The moral intersections of gender justice in post-revolution Sudan
Sometimes a cause worth fighting for seems so self-evident that is difficult to see how any other moral arrangements could be tolerated.
Such is the challenge of “gender justice” activism seeking to dismantle patriarchal Muslim values in the Sudan, following the 2019 revolution and overthrow of Omar al-Bashir and the Ingaz, the popular label used for the Islamist regime and its claim of a salvation mission. Yet gender justice is not a neutral goal, nor is the process of achieving it driven by objective criteria. It is one of multiple and competing claims for autonomy and self-determination that have defined post-colonial struggles in Africa. While Western-oriented feminist activism has steered the position of civil society organizations towards international conventions which place the individual as the rights bearing entity, little attention has been paid to forms of gender justice that non-elite, non-Arab and non-Muslim women may seek – or that may not value the liberal ideals of autonomy and self-determination for women.
Yet gender justice is not a neutral goal, nor is the process of achieving it driven by objective criteria.
During the Ingaz, and to some extent, long before, Islam was used to justify a number of legal and social inequalities linked with women’s self-presentation in public and domestic role in marriage, as well as the privileged status accorded to Arab and Muslim identifying groups and persons. A Sharia-based ‘whole way of life’ was both prescribed and policed, disadvantaging those who did not fit this model for a nation, morally, racially or historically. Today, with a view to transforming the state, international women’s rights agendas, concerning SGBV redress, will not only face calls for recognition of individual women’s rights’ over their bodies, but also claims by ethnic groups for self-determination under customary norms, in addition to an obdurate moral emphasis on the value of the patriarchal unit – the God-given rights that a husband has over his wife, under stricter interpretations of Islam and Christianity.
A Sharia-based ‘whole way of life’ was both prescribed and policed, disadvantaging those who did not fit this model for a nation, morally, racially or historically.
From a criminal law perspective, this legal pluralist situation is critical: for example, how can women seek justice for SGBV in a situation where violence outside the marriage previously fell under statutory Criminal Law, violence within marriage was dealt with by Marriage and Family Law, and yet for Nuba ethnic minorities such as Moro, violence in the family fell under “customary” communities’ own ethno-religious norms. Matters of “personal” status (marriage, divorce, inheritance etc.) were relegated to the respective customary norms under traditional and religious authorities based in a theocratic model where ethnicity, religion and law were inseparable. The state therefore did not officially concern itself with the rights of women in non-Muslim and/or “traditional” communities such as Nuba groups, but it does concern itself with any purported crimes against the state, or public morality under 1991 Criminal Law.
Nuba Moro Christian women are not only women, and Christian, but also Black-African-identifying persons from an ethnoreligious minority, a social positioning which has disadvantaged them greatly under the Arab-Muslim regime, while also affording them a measure of legal autonomy and flexibility. For Moro, Christianity is particularly powerful and all-encompassing, participating in an identity construction that is opposed to that of the Arab-Muslim identity dominating the government and the economy. I have analyzed this movement as a highly politicized form of religiosity, since it arose in conjunction with or opposition to the Ingaz regime, perpetuated by Moro Christian leaders across seven denominations as a form of theocratic government independent of the state appointed traditional leaders, Native Administration. Thus, Moro feminist activism has rather oriented towards a restoration of ethnic community values through Christianity, rather than seeking to undo patriarchy. While Moro customary norms are still dominant social structures which Moro refer to for matters of marriage, divorce and family, Christian leaders are usually consulted for jurisprudence so Christian law intermingles with customary law, even in cases of community-internal violence.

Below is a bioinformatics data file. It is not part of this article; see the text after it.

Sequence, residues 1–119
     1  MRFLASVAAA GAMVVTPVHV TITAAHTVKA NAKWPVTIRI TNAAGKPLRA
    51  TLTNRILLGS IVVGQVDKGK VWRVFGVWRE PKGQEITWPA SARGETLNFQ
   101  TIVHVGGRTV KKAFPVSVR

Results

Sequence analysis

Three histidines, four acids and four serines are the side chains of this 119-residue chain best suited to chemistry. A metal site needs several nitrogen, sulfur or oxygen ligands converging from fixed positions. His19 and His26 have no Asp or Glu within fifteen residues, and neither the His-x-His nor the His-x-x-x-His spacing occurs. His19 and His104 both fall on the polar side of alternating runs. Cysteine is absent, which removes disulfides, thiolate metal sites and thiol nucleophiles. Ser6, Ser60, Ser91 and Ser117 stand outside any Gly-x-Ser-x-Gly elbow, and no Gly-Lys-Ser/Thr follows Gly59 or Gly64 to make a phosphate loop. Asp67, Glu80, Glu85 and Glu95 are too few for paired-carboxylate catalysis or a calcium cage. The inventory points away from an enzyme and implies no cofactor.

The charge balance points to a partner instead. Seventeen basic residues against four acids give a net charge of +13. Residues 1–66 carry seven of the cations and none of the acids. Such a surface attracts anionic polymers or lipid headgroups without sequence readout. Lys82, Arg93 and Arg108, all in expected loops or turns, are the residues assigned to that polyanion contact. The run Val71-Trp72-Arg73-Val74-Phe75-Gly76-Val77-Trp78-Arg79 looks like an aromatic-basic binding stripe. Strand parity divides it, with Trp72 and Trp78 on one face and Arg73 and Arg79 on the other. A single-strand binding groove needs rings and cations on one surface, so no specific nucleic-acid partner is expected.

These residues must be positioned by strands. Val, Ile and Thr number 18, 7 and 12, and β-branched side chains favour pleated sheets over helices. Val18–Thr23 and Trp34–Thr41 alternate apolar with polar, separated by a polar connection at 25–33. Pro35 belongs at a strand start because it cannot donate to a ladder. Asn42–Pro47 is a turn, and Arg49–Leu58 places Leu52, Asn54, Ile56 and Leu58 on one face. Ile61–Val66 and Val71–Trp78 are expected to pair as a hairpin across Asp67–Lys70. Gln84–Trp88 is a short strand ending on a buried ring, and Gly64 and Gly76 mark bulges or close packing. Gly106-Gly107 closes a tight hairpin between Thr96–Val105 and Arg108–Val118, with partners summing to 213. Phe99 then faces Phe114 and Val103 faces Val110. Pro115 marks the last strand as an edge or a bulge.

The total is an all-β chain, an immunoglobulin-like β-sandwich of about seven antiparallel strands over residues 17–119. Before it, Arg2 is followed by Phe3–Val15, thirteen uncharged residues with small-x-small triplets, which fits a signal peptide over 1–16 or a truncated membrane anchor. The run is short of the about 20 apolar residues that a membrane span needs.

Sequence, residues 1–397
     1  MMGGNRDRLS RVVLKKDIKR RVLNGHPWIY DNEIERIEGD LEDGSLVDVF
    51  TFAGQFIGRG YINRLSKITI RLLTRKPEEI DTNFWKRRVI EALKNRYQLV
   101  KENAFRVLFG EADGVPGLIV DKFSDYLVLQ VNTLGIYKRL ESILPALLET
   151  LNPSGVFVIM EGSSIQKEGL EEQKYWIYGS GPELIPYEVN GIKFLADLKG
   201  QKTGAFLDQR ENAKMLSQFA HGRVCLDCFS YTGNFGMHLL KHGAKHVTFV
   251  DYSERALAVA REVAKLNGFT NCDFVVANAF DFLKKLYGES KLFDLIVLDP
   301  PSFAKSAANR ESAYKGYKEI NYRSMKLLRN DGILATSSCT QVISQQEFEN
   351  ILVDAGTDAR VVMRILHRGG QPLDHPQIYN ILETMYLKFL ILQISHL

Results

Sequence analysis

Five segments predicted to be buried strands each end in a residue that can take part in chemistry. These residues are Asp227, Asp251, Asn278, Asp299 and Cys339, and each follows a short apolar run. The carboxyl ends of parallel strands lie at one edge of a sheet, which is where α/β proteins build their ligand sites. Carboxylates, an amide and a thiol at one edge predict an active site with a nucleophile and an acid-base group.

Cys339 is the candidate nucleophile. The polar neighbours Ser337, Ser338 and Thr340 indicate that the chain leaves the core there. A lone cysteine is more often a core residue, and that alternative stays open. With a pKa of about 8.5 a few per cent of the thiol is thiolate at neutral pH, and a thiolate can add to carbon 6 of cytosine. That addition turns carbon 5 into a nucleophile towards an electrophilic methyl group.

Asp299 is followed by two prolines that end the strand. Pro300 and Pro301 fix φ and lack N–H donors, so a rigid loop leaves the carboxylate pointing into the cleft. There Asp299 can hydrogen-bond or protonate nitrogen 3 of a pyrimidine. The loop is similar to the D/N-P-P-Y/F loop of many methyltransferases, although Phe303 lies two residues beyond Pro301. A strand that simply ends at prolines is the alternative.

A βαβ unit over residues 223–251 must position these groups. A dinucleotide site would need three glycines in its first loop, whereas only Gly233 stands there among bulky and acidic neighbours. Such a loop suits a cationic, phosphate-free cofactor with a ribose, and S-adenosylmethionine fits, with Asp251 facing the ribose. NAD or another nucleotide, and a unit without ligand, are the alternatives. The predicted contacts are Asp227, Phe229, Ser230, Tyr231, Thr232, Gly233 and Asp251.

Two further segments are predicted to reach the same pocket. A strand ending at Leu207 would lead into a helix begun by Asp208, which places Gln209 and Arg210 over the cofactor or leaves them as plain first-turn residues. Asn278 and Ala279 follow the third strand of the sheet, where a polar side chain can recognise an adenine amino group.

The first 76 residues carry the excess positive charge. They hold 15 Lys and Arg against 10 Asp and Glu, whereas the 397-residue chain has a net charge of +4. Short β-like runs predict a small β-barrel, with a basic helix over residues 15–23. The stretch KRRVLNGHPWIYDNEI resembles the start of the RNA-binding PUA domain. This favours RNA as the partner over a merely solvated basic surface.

Thus, Moro feminist activism has rather oriented towards a restoration of ethnic community values through Christianity, rather than seeking to undo patriarchy.
And yet, what was considered “criminal” and therefore subject to statutory Sharia was not always clear cut, since the moral and legal structuring of violence differs under secular or religious or ethnic group norms. Criminal acts can be located across multiple targets for self-determination. For example, murder is entirely unacceptable across these four arenas for defining violence in Sudan. However, while murder is intolerable, it is a “crime” against different parties. So, under SGBV, it is a crime against an individual, while under Moro custom, it was a crime against an entire clan, and the offending party had to relocate his entire patrilineal clan unit in the Mountains. No one today would expect that a murderer could get off that easy, with the overwhelming presence of the state. However, when it comes to the minutiae of acts that can be classified as forms of sexual violence, it becomes trickier.
For example, whereas marital rape under international norms would classify it as a criminal act, under Sharia in Sudan the marital unit was always off-limits to state accountability, and to the possible intervention of the law. Although, ironically, proof of domestic violence could be used as evidence in divorce proceedings under Muslim Family Law. Protection for children against rape in Sudan is much more elaborated than protection for women, again, showing the moral centering of the family above that of the individual adult woman. Abortion is criminalized and, according to a recent study, politically and socially among Sudan’s Arab and Muslim elites it has been strongly associated with sexual relations before marriage, a moral crime punishable with whipping. In Moro customary practice, abortion may have been perceived as an offense against the ancestors of a clan, but the choice of whether to abort or not was a relatively pragmatic one, since having a child outside of marriage was not a moral catastrophe. In fact, it was and still is fairly common, even expected, that a young woman would bear one or two children before the conclusion of her marriage through a final transfer of bridewealth.